Below is a very complex DIESEL macro, written by Robert Freeman. It demonstrates several useful programming techniques, most importantly it demonstrates how to create loops in DIESEL. You will need some time to study how this macro works (as did I), but it's worth the effort. Some hints: Watch for ct1 and ct2. ct1 is a flag which lets the macro run through a couple of alternatives, ct2 is a counter which loops from 1 to the end of the string to write. Many thanks to Robert Freeman for posting this code in the AutoCAD LT newsgroup. We tried to get an explicit permission from him to re-post it here, but unfortunately the email address listed in the comments does not work any more. Robert, if you're listening, please contact me at

Please read the note on the TEXT command as well.

[Text on Arc]
//This is a partial menu file that contains a macro to wrap text around an arc.  It
//prompts for two points and a text string, and then pops up a cursor menu asking
//how you want the text orientated.
//This macro was developed in and for AutoCAD LT 97.  It may also work in earlier
//versions but has not been tested in them.
//Robert Freeman
//Please consult your AutoCAD LT 97 documentation for instructions on installing
//partial menu files.  Only insert the menu entitled "Text on Arc".  Do not insert
//the menu entitled "Cursor".
//Before you begin
//        1.  Before you can begin using the "Text on Arc" macro you must first select
//            "Reset" from the "Text on Arc" menu item.  This creates and sets a number of
//            environmental variables needed by the "Text on Arc" macro.  You only have to do
//            this the first time you use the macro.
//        2.  This macro assumes that the current text style is set to a fixed text height and that
//            text height is equal to the "TEXTSIZE" system variable.  If the current
//          text style text height is set to 0, this macro will fail.  The "Reset" macro
//            will prompt for this value and will change both the current setting of the "TEXTSIZE"
//            system variable and the text height of the current text style. Search AutoCAD LT help for
//          the STYLE command if you don't understand this.  Also, the text size is assumed to be
//            at full scale.
//        3.  This macro makes use of the PSPROLOG system variable for text entry.  This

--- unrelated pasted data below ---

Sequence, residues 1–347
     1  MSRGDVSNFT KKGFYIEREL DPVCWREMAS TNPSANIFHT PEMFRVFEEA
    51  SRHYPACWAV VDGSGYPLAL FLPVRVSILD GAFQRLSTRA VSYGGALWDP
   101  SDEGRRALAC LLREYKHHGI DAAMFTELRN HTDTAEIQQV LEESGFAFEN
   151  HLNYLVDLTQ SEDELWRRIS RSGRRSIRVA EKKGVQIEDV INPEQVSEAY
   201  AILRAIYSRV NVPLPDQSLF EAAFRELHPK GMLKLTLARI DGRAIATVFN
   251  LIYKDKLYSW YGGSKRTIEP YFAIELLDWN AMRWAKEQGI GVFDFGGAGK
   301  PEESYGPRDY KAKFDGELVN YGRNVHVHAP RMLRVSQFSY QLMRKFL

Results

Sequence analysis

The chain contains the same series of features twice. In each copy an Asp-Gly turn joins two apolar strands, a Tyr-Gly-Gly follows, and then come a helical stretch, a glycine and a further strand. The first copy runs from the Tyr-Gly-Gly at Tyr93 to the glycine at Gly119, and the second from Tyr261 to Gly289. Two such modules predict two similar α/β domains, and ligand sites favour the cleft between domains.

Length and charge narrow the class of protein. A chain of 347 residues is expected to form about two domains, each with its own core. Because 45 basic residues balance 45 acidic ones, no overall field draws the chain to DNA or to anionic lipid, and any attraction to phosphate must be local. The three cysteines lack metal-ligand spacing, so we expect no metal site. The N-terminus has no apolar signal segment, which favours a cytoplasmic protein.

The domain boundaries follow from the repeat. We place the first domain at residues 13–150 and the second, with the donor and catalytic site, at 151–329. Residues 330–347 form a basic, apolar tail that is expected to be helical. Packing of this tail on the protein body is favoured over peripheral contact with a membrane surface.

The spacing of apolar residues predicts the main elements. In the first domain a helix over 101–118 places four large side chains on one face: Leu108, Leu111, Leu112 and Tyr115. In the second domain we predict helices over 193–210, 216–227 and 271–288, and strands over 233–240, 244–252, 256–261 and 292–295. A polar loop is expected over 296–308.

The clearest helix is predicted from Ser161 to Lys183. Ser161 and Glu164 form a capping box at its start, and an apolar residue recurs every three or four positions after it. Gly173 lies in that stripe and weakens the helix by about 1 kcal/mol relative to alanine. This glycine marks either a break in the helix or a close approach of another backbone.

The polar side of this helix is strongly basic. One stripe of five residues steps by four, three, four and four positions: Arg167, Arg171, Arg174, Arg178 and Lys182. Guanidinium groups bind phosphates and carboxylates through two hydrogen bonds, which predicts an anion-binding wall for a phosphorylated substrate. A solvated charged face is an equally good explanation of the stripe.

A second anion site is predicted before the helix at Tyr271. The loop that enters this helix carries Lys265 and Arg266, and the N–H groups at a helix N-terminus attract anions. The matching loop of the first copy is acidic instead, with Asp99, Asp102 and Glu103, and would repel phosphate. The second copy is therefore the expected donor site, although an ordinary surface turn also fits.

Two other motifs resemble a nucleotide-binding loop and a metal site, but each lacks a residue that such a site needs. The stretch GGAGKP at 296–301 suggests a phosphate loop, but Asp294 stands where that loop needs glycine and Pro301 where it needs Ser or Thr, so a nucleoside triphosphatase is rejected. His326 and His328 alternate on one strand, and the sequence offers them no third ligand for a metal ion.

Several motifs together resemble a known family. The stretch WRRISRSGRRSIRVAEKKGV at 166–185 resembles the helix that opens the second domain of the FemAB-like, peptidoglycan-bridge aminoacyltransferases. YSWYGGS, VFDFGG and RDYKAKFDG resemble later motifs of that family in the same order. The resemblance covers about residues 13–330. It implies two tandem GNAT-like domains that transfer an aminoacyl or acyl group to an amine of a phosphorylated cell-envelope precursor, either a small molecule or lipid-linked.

//            variable is used by AutoCAD LT to assign a name for a prolog section to be read
//            from the aclt.psf file when using the PSOUT command.  Its default value is "".
//            If you do not export encapsulated PostScript (ESP) files, this should not cause you
//            any problems.  If you do use ESP files and PSPROLOG normally is set to some value,
//            you should check to be sure that its value is set correctly before you use the PSOUT
//            command.  You can do this by selecting the Options button in the PSOUT dialog box.
//            The macro does attempt to store and reset this value, however if the macro is cancelled
//            prematurely, this value may be lost.
//Using the "Text on Arc" macro.
//        1.  Select "Text on Arc" from the ArcText menu.
//        2.  You will be prompted for the center point of the arc you want your text to wrap around.
//        3.  Next select the middle point of your text.
//        4.  You will then be prompted to enter a text string.  Enter your text string and press enter.
//        5.  A cursor menu will then pop up with two items - "Bottom of text points toward the radius" and
//            "Bottom of text points away from the radius.  Select one.  Note: If the length of your text
//            string exceeds the circumference of a circle drawn around the radius point you selected, you
//            will receive the error message "Text string too long."  Try again using a shorter text string
//            or select a middle point farther away from your center point.